What would you do if someone found one of your sex toys? It’s probably going to depend a lot on the person. Your prudish Aunt Mabel finding a masturbator under your living room sofa is probably going to react differently to your best friend, who already owns six themselves and will only be judging you on the quality. But are sex toys really as embarrassing as people would have us think?
Last week a cute viral story about a girl whose dad found her vibrator got us thinking about masturbation stigma. Sure, it’s not ideal to get a text from your old man saying ‘I found this. Do you want it keeping?’ but surely the fact that she owned one for him to find means that people are getting less embarrassed about owning sex toys. Twenty years ago, when you had to buy vibrators and male masturbators from physical shops, then walk out with a paper bag tucked under your arm, there was a much bigger barrier to owning a sex toy. These days you can buy sex toys online without ever having to have a conversation about which one might do it for you best.
As Lux Alptraum wrote in Motherboard recently, on the topic of online porn – it’s unlikely that the internet is creating brand new, kinky desires where before people never had them. It’s far more likely that people who already have those desires are suddenly able to find new outlets for them.
“If the idea of rough sex leaves you completely cold, it’s unlikely that stumbling on Kink.com in your twenties is going to totally shift your view. If you’re into it, you’re into it; if you’re not, you’re not. While there’s some room for exploration and evolution, 180-degree shifts in sexual tastes are really pretty rare.
“What is plausible, on the other hand, is that the internet’s made people with an incipient interest in BDSM and kinky sex more comfortable owning up to it and exploring it.”
Sex toys aren’t unusual
One of the key drivers in people thinking something is ’embarrassing’ or ‘shameful’ is the idea that it isn’t normal – that somehow you’re the only one (or one of a very limited number of people) doing this particular thing. The more unique and ‘weird’ something seems, the higher the potential stigma attached to it.
But sex toys are no longer unusual. Really, they’re not. Last year a survey conducted for Channel 4 – the Great British Sex Survey – asked people about their kinks and desires. Number one on their ‘fetish’ list was sex toys. Let’s leave aside the question of whether or not liking sex toys counts as a fetish, what the programme discovered is that sex toy usage in the UK has rocketed since more people were able to buy them online, and they’re no longer just seen as something to use on your own.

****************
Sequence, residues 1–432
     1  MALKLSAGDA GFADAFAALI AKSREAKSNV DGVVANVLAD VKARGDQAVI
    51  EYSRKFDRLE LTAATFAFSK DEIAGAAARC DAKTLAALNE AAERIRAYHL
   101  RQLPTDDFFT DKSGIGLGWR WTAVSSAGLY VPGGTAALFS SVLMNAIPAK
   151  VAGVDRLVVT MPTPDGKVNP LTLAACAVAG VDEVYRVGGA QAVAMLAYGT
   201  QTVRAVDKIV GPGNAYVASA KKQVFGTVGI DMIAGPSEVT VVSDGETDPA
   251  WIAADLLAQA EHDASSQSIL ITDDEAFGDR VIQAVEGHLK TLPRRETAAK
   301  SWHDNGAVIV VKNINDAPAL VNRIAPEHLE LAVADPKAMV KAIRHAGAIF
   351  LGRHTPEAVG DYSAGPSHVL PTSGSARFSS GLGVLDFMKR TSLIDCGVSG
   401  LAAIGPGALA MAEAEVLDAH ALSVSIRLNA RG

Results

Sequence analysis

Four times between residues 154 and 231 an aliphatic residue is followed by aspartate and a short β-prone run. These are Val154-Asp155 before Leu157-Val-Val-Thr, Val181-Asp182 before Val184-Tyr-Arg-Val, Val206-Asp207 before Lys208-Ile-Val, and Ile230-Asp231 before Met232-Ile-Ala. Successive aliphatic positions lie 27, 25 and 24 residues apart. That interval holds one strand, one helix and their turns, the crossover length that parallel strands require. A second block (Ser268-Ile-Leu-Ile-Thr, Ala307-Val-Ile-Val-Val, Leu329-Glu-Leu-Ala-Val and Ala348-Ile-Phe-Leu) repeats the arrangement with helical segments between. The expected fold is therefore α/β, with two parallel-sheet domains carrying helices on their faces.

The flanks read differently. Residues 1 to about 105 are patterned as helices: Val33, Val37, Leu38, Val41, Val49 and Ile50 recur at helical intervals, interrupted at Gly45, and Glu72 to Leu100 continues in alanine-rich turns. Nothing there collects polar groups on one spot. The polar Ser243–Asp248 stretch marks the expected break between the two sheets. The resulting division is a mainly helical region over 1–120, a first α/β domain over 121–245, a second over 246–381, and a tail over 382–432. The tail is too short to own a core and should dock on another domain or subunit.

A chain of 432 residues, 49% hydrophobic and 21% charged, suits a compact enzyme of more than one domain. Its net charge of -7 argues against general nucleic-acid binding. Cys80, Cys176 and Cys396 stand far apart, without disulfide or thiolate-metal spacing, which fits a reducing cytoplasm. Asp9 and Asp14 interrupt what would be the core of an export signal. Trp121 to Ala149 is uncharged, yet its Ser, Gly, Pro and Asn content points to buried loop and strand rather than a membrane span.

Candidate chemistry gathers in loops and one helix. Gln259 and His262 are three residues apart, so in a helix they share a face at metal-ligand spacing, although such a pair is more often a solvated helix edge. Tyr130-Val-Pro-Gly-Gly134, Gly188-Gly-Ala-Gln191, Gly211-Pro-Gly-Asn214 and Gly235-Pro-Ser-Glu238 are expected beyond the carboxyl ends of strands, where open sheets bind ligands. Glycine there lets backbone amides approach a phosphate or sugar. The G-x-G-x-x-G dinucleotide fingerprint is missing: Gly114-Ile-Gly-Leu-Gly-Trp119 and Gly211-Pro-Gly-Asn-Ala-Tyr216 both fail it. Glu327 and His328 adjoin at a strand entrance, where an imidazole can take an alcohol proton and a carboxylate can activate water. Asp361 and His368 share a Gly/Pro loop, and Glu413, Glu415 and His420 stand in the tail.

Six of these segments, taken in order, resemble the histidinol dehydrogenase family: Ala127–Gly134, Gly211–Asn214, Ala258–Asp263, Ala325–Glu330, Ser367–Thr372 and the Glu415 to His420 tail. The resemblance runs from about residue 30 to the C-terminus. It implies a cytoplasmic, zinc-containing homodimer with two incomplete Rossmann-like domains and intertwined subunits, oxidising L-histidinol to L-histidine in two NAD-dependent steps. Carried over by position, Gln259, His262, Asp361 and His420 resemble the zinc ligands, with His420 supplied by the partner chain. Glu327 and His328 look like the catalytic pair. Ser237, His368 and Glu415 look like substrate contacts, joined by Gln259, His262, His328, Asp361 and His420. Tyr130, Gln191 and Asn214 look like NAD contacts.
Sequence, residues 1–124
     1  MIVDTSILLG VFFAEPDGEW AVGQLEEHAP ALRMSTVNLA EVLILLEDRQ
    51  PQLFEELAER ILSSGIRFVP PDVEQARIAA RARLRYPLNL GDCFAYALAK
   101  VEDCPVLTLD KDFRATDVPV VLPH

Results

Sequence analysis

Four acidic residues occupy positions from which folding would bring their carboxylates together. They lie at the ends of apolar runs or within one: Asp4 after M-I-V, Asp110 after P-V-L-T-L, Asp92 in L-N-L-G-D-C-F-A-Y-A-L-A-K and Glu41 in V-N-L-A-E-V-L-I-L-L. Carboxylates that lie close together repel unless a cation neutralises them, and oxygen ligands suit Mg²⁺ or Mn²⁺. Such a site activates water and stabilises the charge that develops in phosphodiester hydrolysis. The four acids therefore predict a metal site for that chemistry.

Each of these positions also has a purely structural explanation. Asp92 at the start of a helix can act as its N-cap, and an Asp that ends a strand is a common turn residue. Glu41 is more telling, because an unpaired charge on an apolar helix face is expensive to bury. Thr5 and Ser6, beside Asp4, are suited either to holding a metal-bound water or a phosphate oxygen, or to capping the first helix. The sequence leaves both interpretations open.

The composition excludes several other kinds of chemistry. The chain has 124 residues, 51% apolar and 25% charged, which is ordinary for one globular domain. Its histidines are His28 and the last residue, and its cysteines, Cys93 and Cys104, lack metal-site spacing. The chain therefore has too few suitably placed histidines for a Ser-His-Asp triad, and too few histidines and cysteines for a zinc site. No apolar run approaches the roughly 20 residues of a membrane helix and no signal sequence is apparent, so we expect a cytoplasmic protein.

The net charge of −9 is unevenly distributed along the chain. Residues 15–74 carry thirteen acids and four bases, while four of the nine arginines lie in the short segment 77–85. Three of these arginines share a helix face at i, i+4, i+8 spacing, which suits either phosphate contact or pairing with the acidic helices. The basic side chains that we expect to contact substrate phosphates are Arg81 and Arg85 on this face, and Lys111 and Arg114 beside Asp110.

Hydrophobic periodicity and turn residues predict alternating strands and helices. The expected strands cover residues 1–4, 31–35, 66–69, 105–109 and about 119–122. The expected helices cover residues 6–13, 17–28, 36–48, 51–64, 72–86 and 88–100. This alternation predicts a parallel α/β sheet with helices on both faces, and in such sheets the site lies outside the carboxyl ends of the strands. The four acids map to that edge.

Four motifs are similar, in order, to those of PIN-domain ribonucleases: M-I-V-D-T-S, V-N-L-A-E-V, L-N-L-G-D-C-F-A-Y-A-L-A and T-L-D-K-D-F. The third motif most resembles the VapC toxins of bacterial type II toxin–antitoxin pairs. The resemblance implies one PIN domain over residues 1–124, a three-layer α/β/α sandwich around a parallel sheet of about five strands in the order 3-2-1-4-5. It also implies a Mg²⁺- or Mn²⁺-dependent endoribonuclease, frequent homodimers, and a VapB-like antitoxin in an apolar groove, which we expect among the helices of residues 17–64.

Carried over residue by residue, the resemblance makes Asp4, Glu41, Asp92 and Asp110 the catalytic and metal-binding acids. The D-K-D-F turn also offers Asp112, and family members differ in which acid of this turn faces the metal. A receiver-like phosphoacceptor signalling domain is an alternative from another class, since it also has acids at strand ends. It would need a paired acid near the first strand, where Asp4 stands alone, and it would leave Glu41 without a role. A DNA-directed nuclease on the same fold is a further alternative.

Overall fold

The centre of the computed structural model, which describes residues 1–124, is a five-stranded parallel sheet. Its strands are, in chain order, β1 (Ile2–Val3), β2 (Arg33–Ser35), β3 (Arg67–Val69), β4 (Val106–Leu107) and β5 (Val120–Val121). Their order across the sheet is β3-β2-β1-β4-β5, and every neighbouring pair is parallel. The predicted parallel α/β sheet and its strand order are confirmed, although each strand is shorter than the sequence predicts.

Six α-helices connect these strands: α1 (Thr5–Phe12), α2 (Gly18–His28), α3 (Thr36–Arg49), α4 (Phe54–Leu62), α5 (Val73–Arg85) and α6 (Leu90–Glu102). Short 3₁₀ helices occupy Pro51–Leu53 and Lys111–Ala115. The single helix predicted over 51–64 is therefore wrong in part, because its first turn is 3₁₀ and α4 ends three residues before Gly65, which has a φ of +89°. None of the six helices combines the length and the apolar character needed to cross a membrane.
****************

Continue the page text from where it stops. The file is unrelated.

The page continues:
If you laid every butt plug, dildo and vibrator sold in 12 months end-to-end, they’d stretch from Lovehoney’s warehouse in Bath all the way to Gloucester.
Lovehoney has dispatched about 120,000 cock rings in the last 12 months. If these were combined into one Godzilla-sized cock ring, it could (with the necessary permit) encircle the Empire State Building twenty times.
Even better news? This analysis was published in 2014, and since then sex toy sales have risen even further. In June this year, Lovehoney explained that sales of male masturbators have risen 72% in the last two years.
What to do if someone finds your sex toys
There are a few things you can do if, like the woman in the original article, someone finds your sex toys. Whether it’s a male masturbator, a vibrator, a butt plug, or something cooler like PULSE.
Act surprised, as if someone must have snuck in and planted the sex toy in your house.
Make up a lie about what it is – the PULSE II SOLO is cool-looking enough that it could pass for a piece of coffee-table art, or perhaps a Jamie Oliver cooking gadget.
Shrug your shoulders and say ‘yeah, it’s pretty good.’
We hope you’ll go for option 3, because the more people who do, the quicker we erode the stigma around owning sex toys – and male masturbation in particular. If something makes you feel good, gives you the power to have a hands-free orgasm, and enhances your sex life whether alone or with a partner, we think it’s worth giving that thing credit. After all, whoever’s asking about them might just be curious enough to pick up a sex toy of their own. And not only will there be less masturbation stigma in the world, there’ll also be a little bit more joy.